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An employee pours gold grain to make a 1kg gold bar during a refining process at AGR (African Gold Refinery) in Entebbe, Uganda, on Oct. 4, 2018.


Chastened by past missteps, the Canadian gold industry is swapping recklessness for conservatism, and eschewing expensive deal making in favour of dividends, as the price of bullion hits new all-time highs.

On Monday, gold futures traded north of US$1,940 an ounce for the first time, surpassing the previous record of US$1,920 set back in September, 2011. The most-traded August futures settled at US$1,931 an ounce.

The ultimate safe haven investment, gold over the past few months has benefited from unparalleled volatility in financial markets, as the coronavirus has spread around the world and governments attempt to stave off a global depression by injecting trillions in economic stimulus. Historically low interest rates, a weakening U.S. dollar and renewed tensions between the United States and China have also benefited bullion.

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During the previous great bull market in gold that lasted from the early 2000s through to late 2011, the industry made lots of mistakes. Marginal projects were put into production and senior miners such as Barrick Gold Corp., Goldcorp Inc. (now part of Newmont Corp.) and Kinross Gold Corp. cumulatively spent tens of billions of dollars on mergers and acquisitions that didn’t work out.

“As an industry we destroyed value through the last cycle and I don’t think boards or management groups want to repeat that,” said Richard Young, chief executive of Toronto-based Teranga Gold Corp.

“I think you’ll see much more caution in terms of M&A.”

In fact, since the beginning of the current bull market in gold in late 2018, the industry has by and large behaved itself. Companies have been much more disciplined in M&A, with low or sometimes no premium stock deals being the norm, as opposed to the 30 per cent or 40 per cent cash premiums of the past. Companies have also been disciplined during live M&A deals, refusing to raise bids, even when some shareholders have demanded them, such as Kirkland Lake Gold Ltd. refusing to offer a last minute sweetener when it bought Detour Gold Corp. earlier this year.

Mr. Young, who’s been in the industry for more than a quarter of a century, said that companies are walking way from a lot more deals than they did during the previous cycle, and are spending a lot longer conducting diligence before pouncing. For example, Teranga and Barrick spent a year in talks before a deal was hammered out between the two late last year that saw Teranga pay US$380-million for Barrick’s Massawa gold project in Senegal.

“I hope it continues and I think it will,” said gold portfolio manager Joe Foster, of the industry’s newfound discipline and conservatism.

“There’s been a big shift in strategy and thinking across gold companies. I don’t think you’ll see the reckless deals that we saw in past cycles,” added Mr. Foster, who manages the VanEck International Investors Gold Fund, which has US$1.1-billion under management.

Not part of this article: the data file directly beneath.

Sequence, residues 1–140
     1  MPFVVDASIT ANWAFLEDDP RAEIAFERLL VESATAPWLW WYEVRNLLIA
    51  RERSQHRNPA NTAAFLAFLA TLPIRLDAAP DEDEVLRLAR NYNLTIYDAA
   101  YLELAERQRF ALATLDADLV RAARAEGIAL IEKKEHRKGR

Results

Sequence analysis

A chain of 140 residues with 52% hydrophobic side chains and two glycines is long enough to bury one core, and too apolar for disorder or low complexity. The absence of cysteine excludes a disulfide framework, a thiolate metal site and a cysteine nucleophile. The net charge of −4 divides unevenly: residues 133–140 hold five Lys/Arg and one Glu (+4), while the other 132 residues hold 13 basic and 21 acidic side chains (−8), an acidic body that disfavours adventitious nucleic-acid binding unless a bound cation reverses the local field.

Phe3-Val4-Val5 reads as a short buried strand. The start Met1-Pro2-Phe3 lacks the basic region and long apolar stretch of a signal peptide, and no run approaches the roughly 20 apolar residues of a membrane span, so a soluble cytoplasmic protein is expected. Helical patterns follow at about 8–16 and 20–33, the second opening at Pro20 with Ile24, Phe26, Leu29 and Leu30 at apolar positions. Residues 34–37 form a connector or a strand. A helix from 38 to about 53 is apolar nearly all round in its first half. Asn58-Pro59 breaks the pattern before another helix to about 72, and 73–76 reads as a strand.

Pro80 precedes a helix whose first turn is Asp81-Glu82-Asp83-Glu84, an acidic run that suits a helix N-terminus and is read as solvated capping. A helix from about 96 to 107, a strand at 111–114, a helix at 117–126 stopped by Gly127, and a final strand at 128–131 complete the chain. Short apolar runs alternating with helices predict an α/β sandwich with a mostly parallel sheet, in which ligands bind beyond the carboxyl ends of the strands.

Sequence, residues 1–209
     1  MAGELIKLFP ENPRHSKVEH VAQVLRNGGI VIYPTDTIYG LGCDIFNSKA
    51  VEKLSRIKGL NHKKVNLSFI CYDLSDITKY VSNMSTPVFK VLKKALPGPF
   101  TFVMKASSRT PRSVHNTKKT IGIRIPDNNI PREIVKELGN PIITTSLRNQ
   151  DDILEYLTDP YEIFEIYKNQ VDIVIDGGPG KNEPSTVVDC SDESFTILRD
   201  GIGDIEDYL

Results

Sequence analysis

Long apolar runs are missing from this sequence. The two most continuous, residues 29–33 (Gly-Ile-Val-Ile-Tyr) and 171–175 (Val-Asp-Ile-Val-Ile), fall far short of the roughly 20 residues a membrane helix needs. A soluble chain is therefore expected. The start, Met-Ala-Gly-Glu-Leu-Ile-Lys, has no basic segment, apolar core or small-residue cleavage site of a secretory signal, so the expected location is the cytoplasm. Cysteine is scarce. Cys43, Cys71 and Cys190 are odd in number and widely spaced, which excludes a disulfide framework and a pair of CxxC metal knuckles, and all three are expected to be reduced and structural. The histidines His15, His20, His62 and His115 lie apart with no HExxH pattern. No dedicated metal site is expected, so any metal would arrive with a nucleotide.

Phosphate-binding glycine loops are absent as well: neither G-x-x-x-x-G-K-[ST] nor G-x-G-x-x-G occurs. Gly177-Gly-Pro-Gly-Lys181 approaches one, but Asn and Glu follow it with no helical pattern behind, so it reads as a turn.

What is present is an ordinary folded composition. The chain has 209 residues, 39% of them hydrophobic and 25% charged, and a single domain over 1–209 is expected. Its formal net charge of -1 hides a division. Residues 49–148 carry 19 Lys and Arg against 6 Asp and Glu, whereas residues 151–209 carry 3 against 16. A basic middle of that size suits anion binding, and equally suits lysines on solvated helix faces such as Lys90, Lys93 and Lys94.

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With M&A not expected to be a major driver of corporate strategy over the next few years for the gold majors, gold companies are increasingly expected to give more of their cash back to shareholders. Yamana Gold Inc. last week bumped up its dividend by 12 per cent to 7 cents a share, its fourth increase in the payout in the past year.

Companies are also expected to look internally for growth, as opposed to externally. With a materially higher gold price in place, projects that previously appeared out of reach owing to their high cost structure may now suddenly be feasible.

“A lot of companies have projects on the shelf that need higher gold prices to be economic, so we’re starting to see those shelved projects being brought back into the production pipeline,” Mr. Foster said.

Last week, Toronto-based Iamgold Corp. announced it was going ahead with its $2.3-billion Côté gold project in Northern Ontario. In its latest investment return calculation, the company assumed a gold price of US$1,350 an ounce, up US$100 from an assumption in 2018 when gold was trading materially lower. (Iamgold owns 70 per cent of Côté with Japan’s Sumitomo Metal Mining Co. Ltd. owning the rest.)

But despite the rapid-fire rise in gold prices, not all companies are raising their price assumptions for calculating investment returns on projects. Teranga, which recently completed a prefeasibility study on the Massawa project, is keeping its price assumption on gold at the relatively conservative level of US$1,250 an ounce.

Mr. Foster says that what may emerge over time is a “bifurcation” in the industry, with one group of companies taking a cautious approach to the long-term gold price, and only putting low-cost, high-margin mines into production – with other companies assuming a higher gold price, and more willing to fund lower margin projects.

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